Kenya’s 2017 General Election, despite being the second after the promulgation of the new Constitution, ushered in a number of firsts in the political arena. It was the first time that a presidential election results had been annulled. It was also during this election that Kenya got its first set of female governors.
Apart from Charity Ngilu who had won the Kitui gubernatorial race, the other two female governors, Anne Waiguru and late Dr Joyce Laboso, were not considered political heavyweights. They were only mastering the ropes of politics at the very top with the win being Waiguru’s first attempt at politics and Laboso starting on a new path having only come into politics as her sister’s successor.
Dr Laboso, who recently passed on has always been at the forefront of Kenya’s power ground championing for empowerment and encouraging women to set out and achieve their goals. As a pioneer female governor, she highlighted a number of challenges that comes with the role including minding ‘the length of your skirt.’
Delivering on expectations
With the first crop of governors in Kenya all being male, the entrance of the three female governors meant that they were the new kids on the block and all attention was drifted to them. They automatically became the litmus test for what women could do and how well leaders perform. On top of that, as women leaders, they are tasked with managing public expectations on a daily basis.
“People will relate more with women leaders and they are able to share a lot of things that they would ordinarily not even think of sharing with a man. The feeling of motherliness and the feeling that she will understand drives the public to us. At the end of the day, this can be daunting as everybody is having expectations of the things you should be able to do for them, and that you should be able to understand because you are a woman, a mother.” Dr Laboso had explained during an interview.
Tackling challenges head on
As a female leader, the duty of setting the right image rests on your shoulder and this includes living a life that sets the right precedent for the younger generation. For the female governors, it boils down to the manner in which they carry themselves around including how they dress. Being a county boss upcountry, Laboso said, she was moved to be conscious of her dressing at every one time. “In an upcountry setting, I have had to really be careful about the length of skirts and so on. You do not want people to focus on your dress rather than the content you are sharing.”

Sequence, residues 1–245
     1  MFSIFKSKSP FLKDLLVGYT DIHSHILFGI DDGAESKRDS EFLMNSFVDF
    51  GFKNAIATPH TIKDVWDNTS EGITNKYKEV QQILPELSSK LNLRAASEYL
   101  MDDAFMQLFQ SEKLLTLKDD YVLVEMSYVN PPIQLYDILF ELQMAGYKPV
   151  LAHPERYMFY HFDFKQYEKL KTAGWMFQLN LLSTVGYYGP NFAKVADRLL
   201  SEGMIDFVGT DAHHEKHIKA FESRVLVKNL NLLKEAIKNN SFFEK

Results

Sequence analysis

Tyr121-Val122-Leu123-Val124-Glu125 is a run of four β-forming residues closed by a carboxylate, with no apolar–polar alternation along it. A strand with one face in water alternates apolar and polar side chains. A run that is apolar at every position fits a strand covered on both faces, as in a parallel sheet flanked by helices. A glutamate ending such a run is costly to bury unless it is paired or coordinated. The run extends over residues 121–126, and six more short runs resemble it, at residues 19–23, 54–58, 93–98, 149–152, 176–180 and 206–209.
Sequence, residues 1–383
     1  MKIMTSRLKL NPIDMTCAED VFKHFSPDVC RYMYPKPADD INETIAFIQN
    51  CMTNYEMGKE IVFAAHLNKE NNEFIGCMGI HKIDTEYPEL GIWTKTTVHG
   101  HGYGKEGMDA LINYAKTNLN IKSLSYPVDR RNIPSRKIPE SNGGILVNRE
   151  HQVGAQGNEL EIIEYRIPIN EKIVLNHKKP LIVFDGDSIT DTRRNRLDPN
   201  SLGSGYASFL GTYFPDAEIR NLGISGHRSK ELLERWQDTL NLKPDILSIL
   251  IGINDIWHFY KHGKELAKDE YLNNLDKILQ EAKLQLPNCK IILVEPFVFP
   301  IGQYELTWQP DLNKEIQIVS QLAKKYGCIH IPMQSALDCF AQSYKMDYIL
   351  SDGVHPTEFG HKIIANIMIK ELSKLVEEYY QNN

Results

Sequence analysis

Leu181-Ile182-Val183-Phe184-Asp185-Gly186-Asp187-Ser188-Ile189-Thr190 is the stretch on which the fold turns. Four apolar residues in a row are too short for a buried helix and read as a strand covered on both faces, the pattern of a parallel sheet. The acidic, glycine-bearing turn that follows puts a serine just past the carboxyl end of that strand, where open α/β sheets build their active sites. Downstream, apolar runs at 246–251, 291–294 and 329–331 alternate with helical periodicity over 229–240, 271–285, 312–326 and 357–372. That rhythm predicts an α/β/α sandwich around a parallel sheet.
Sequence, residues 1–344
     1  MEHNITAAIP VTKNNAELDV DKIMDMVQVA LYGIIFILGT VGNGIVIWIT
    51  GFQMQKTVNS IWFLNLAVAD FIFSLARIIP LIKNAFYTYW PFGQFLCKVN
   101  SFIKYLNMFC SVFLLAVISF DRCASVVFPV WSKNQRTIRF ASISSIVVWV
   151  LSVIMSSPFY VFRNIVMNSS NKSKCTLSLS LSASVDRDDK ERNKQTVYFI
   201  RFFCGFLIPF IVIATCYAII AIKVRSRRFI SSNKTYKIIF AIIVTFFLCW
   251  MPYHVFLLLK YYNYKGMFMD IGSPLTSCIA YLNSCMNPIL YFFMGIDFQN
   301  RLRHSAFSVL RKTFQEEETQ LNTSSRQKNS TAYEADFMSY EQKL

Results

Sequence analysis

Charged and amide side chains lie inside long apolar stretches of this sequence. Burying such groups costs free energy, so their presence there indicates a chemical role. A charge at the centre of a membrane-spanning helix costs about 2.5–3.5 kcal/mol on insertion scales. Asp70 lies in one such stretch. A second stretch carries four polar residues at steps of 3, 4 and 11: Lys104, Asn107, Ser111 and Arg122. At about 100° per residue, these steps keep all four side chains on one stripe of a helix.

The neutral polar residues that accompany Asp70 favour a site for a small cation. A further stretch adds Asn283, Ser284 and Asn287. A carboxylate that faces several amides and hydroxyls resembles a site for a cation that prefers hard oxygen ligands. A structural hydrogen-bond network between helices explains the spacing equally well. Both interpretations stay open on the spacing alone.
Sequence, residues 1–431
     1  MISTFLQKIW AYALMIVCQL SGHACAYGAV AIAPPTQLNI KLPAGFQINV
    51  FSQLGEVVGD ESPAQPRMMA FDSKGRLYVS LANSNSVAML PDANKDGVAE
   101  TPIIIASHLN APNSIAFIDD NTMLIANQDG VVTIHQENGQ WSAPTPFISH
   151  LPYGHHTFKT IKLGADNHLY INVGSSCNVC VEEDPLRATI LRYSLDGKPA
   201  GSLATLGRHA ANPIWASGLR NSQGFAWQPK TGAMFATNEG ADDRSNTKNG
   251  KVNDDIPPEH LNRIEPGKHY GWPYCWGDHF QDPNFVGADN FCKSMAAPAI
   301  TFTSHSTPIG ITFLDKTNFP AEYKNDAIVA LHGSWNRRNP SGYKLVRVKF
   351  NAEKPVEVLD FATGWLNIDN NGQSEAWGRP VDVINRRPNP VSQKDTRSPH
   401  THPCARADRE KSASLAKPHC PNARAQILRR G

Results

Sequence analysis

Talking about her election win, Laboso did not shy from admitting that a number of people took her to be a joker and thought she was not serious about her decision to run against one of the political bigwigs in the region who was also the incumbent Bomet Governor, Hon Isaac Ruto. She had to stand her ground and do what she believed in despite all the belittling.
Being a politician comes with a number of responsibilities and one of them is being strong enough to counter those who want to bring you down. As the late governor would note, one amasses more distractors as they climb up the political arena. In her case, noted that she got herself more distractors as a governor compared to those during her tenure as the national assembly Deputy Speaker and as Member of Parliament for Sotik. “It is not about being a woman. I am selling myself as a leader. What is it that a leader does?” She challenged.
Word for women leaders
According to Laboso, women’s greatest undoing is their aversion to public scrutiny. She urges that women need to develop a thick skin and get over the fear of being harassed, called names in public and ridiculed. She uses herself as an example and encourages women that “If I can be a governor today, then a lot of women can be.” She adds that once you have set your target on something, set out to achieve it and do not back off out of fear.
Source: Standard Media